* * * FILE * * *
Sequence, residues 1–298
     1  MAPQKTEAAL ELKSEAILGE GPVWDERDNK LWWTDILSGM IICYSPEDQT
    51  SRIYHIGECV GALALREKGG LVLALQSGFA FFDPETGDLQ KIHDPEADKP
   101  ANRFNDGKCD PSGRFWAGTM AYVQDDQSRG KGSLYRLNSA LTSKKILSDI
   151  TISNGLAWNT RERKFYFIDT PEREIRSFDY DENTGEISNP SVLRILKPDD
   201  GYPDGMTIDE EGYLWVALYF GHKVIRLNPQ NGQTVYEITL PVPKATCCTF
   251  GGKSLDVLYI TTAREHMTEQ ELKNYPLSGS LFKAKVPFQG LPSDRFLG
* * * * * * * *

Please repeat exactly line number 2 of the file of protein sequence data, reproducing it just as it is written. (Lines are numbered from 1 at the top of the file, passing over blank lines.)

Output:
     1  MAPQKTEAAL ELKSEAILGE GPVWDERDNK LWWTDILSGM IICYSPEDQT